My introduction to the ring net controversy began when I attended the August 18 ring-net tutorial, called “Montecito Debris Flow Mitigation,” hosted by The Partnership for Resilient Communities, at the Montecito fire district headquarters. The proposal was incredibly focused on the need to act quickly before the upcoming rainy season, as explained by both the organizer of the event, Suzanne Elledge, a local planning and permitting consultant, and by Bill Kane, head of the engineering firm, Kane Geotech, that would install “emergency” ring nets on several Montecito creeks.
They said that due to time constraints, they were forced to bypass working with all of the usually involved regulatory agencies, and, instead, appeal directly to the Army Corps of Engineers for an emergency permit to install a series of ring nets across the five (now four) Montecito creeks.
This approach alarmed me. It was more of a well-orchestrated campaign aimed at swaying public opinion than it was an in-depth discussion with the relevant public agencies that need to be involved in projects of this magnitude.
At this program, I asked a lot of questions such as: “How is this project being funded?” (by wealthy donors). “Who is responsible if they fail?” (no answer). “How do they get installed without causing massive damage and erosion?” (by large “industrial” vehicles called “Spyders” w/ legs instead of wheels so they don’t have to bulldoze roads up each of these watersheds). “How will they survive an actual debris flow when boulders the size of small houses crash into them?” (they won’t fail). “Who will inspect, maintain, and repair them?” (no answer). “When will they be removed?” (no answer). “How will you mitigate their impact on migrating steelhead?” (no answer).
None of these questions were answered in a way that reassured me that they had a well-thought-out strategy. I was left thinking that these ring nets could actually cause far more death and destruction (for Montecitans, steelhead trout, and a variety of mammals) than if these watersheds were not modified with an unproven technology.
Other aspects of their plan, such as the weather station locations and early warning systems, had little detail, and the entire presentation (and website) seemed more like a public relations campaign, rather than a synopsis of biological, hydrological, and geomorphological information sets. One can go to the Resilient Communities website to view their plans, along with links to literature and videos about ring nets. Nowhere in this information bank will you see ring nets spanning real creeks. They are deployed above roads, bridges, infrastructure, and railroad tracks. They span steep rocky rills and gullies in order to block falling rocks, rock slides, and flash floods. They have been set up where construction equipment can clean them out. Nowhere are they shown to be used to mitigate actual debris flows.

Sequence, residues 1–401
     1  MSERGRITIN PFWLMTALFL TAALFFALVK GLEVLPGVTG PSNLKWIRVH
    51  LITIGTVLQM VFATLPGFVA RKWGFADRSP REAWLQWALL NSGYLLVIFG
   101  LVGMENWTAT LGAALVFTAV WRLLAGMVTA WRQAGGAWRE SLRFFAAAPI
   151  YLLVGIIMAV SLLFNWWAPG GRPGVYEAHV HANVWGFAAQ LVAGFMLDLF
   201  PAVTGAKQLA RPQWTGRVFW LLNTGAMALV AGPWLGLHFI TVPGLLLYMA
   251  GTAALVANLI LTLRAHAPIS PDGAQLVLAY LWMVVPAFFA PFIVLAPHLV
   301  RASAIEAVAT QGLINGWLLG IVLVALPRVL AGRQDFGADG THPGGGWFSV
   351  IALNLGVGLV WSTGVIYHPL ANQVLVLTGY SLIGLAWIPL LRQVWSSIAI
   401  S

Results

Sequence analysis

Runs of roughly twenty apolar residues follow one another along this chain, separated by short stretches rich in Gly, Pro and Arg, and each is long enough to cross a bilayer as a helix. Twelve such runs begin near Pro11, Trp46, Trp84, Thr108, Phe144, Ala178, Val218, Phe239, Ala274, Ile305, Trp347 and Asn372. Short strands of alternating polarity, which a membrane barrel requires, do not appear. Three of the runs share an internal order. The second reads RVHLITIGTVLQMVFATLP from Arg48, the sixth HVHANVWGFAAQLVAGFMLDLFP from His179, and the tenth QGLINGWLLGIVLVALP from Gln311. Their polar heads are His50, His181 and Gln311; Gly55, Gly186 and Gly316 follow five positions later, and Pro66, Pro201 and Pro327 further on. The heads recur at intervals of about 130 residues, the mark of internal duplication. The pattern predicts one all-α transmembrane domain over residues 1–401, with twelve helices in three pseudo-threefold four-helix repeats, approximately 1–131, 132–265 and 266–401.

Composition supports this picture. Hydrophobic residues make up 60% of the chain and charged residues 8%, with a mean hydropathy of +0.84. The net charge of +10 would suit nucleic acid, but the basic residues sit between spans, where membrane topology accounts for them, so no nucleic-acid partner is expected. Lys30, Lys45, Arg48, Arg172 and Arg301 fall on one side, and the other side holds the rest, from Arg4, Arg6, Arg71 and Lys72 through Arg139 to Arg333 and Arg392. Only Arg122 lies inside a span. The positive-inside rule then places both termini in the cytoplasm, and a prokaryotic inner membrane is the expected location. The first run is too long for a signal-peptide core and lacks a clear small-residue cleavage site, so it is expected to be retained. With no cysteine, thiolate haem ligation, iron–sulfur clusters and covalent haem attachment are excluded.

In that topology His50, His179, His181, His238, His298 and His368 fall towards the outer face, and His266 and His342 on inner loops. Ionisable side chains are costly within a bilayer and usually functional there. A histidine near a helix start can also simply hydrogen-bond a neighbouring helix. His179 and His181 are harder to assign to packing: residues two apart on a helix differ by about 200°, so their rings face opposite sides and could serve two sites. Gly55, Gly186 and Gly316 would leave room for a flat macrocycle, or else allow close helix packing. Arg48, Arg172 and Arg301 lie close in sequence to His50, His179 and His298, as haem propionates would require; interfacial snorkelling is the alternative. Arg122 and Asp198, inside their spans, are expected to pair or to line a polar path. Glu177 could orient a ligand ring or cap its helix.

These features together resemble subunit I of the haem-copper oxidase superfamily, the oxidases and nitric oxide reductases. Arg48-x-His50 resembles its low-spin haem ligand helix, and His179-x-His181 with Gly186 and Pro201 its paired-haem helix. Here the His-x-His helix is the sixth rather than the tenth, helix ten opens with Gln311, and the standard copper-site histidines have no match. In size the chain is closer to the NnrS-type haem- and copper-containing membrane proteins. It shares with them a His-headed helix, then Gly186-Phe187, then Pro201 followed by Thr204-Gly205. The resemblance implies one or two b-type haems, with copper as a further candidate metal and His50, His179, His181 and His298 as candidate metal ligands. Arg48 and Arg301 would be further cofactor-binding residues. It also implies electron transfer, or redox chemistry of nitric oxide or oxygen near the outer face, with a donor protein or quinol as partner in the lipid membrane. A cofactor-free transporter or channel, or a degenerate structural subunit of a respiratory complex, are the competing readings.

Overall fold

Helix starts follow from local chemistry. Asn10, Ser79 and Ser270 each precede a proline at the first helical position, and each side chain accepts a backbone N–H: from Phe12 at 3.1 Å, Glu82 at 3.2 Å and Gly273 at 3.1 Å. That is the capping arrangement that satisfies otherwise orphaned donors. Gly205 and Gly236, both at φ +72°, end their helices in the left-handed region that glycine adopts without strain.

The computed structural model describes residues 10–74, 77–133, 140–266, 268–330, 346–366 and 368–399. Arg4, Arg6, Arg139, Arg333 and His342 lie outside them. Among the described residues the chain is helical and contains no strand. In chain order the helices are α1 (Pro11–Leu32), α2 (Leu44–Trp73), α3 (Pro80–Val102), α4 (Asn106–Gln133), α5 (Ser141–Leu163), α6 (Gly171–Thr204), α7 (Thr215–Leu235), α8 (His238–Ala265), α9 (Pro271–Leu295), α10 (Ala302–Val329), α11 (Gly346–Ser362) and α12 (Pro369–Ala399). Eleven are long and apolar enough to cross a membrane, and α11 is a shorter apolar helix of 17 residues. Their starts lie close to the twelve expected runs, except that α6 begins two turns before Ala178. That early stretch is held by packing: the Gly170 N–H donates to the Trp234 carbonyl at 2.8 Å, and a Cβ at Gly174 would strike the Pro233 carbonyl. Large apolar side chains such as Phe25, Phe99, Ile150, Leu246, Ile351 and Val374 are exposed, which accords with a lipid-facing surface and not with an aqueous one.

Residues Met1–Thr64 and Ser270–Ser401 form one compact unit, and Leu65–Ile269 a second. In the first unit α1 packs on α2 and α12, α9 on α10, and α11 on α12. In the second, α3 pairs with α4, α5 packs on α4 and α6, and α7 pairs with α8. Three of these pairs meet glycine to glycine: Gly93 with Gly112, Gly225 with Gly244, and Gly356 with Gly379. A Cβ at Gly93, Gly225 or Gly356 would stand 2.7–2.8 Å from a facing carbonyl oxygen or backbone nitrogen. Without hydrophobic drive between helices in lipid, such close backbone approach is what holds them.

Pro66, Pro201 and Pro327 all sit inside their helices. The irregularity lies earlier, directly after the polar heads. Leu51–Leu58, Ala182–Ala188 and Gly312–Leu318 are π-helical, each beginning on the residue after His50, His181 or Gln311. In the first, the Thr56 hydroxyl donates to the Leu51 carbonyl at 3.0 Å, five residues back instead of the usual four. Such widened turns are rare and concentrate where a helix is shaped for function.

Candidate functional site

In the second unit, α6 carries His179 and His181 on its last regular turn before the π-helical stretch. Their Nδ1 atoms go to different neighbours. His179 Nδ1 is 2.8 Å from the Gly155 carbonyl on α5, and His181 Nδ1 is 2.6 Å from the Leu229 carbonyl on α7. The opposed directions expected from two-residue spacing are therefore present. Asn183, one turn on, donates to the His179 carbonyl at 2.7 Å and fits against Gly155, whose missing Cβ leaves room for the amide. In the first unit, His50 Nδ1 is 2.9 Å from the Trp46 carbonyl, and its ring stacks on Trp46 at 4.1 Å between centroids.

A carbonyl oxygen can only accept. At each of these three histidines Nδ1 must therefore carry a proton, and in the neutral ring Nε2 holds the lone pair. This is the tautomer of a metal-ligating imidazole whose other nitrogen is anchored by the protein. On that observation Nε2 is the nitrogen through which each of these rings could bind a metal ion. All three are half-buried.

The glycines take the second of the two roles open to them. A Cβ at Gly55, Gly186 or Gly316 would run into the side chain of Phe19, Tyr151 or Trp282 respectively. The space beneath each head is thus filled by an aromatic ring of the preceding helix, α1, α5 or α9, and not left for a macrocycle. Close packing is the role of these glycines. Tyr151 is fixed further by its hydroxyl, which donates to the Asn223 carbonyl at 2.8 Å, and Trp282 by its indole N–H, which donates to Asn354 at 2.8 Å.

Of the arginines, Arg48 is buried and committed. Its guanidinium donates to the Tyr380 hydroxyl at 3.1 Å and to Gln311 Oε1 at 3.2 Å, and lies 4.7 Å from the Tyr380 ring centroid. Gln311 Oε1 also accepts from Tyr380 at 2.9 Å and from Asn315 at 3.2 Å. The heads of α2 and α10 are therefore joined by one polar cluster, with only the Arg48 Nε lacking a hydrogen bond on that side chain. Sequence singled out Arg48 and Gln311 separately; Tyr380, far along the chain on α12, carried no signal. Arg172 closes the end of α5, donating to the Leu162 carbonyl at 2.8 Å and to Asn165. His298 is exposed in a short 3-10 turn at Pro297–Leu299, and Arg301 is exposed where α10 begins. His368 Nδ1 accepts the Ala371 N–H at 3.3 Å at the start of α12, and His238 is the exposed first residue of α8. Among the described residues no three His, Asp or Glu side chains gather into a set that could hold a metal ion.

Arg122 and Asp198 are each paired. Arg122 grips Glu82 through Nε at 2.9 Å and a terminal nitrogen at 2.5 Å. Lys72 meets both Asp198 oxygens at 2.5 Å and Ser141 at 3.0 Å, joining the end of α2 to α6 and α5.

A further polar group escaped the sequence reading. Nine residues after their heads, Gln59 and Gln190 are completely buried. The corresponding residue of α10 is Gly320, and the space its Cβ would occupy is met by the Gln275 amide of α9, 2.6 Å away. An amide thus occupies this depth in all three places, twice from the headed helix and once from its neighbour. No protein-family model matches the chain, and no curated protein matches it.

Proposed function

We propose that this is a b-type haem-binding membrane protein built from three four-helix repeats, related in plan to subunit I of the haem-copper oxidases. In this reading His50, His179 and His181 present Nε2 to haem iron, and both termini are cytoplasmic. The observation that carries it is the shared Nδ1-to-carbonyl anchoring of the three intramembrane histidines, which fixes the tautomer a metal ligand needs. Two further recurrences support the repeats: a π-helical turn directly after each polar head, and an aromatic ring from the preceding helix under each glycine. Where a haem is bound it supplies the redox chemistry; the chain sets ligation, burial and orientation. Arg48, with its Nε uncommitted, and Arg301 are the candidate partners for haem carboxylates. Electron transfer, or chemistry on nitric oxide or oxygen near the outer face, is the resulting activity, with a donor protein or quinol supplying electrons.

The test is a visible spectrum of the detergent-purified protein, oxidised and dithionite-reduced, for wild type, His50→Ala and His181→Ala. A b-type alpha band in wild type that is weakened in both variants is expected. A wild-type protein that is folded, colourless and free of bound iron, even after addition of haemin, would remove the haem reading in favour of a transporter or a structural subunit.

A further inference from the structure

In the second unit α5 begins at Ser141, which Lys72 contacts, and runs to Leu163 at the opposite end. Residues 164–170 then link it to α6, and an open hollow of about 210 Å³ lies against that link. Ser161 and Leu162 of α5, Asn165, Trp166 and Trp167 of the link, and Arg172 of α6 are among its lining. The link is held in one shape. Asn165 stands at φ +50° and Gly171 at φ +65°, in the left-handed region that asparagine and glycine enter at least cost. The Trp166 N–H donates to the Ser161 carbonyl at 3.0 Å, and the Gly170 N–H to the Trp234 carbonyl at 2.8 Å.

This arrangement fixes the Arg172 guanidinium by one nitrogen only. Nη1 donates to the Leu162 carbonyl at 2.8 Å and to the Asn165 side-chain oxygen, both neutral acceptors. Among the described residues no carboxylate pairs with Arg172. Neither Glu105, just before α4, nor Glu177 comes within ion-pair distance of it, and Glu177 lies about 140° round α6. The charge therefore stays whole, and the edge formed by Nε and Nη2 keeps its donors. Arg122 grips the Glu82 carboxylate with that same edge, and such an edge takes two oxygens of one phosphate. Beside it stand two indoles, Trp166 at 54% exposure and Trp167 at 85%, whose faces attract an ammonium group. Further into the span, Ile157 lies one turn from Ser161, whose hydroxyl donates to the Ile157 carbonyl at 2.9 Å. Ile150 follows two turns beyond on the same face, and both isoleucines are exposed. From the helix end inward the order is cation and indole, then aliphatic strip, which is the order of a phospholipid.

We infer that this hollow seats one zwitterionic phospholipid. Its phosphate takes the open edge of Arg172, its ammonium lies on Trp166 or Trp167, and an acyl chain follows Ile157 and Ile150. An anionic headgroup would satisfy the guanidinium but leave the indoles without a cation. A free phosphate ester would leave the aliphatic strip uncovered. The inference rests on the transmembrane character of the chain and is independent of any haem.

I struggled to comprehend why they were insistent on utilizing the same technology that is used to prevent rockfall from hitting cars along the cliffs of Highway 1 to create a series of artificial dams along these four watersheds. I was troubled by the lack of specific details on how this was an appropriate technology for our situation. In addition to these concerns, I also noticed that none of the background literature and accompanying videos showed them deployed in actual riparian watershed systems with trees and fish.
Soon afterward, a cover story in the Montecito Journal explained the urgency of the situation and the need to install these nets immediately. The story was very one-sided and did not present the point of view of any of the other agencies that would be involved with this proposal.
I immediately contacted Nick Welsh at the Santa Barbara Independent and conveyed my concerns about this proposal to him, and urged him to also cover this very important story. We had a lengthy conversation in which I explained many of the shortcomings of this proposed project. Not long after that, I was contacted by Independent reporter Keith Hamm and interviewed at length before the Indy published the first of two ring net articles.
After “Ring Nets Proposed For Unstable Canyons” ran on September 6, I contacted Hamm and asked why none of the concerns of the local resource management experts and related government agencies (that I had previously conveyed to him) were included in this article. He explained that they would be in an upcoming, much more comprehensive article. I then emailed him a list of important resource managers and urged him to contact them to see what they thought. Even if he did contact any of them, he did not include any of their comments in his follow-up story.
I was profoundly disappointed when the second article was published, “Lords of the Rings,” on October 11. This cover story was very one-sided and condensed my concerns, along with Natasha Lohmus’s (an environmental scientist with California’s Department of Fish and Wildlife) into two column inches in a four-page story. Even more upsetting was the fact that the reporter then turned around and presented our comments to “The Ring Net Posse” so they could criticize them for inclusion into this article! This shoddy approach to an important news story reeks of the Fox News strategy and is far from the fair and balanced reporting I am accustomed to seeing in the Independent.